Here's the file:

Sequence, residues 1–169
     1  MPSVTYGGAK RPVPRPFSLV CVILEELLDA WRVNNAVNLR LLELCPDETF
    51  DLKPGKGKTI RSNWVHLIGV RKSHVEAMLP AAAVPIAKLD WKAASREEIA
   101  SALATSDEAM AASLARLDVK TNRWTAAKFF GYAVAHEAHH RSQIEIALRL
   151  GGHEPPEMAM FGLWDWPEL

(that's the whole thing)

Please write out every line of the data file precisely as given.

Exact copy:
Sequence, residues 1–169
     1  MPSVTYGGAK RPVPRPFSLV CVILEELLDA WRVNNAVNLR LLELCPDETF
    51  DLKPGKGKTI RSNWVHLIGV RKSHVEAMLP AAAVPIAKLD WKAASREEIA
   101  SALATSDEAM AASLARLDVK TNRWTAAKFF GYAVAHEAHH RSQIEIALRL
   151  GGHEPPEMAM FGLWDWPEL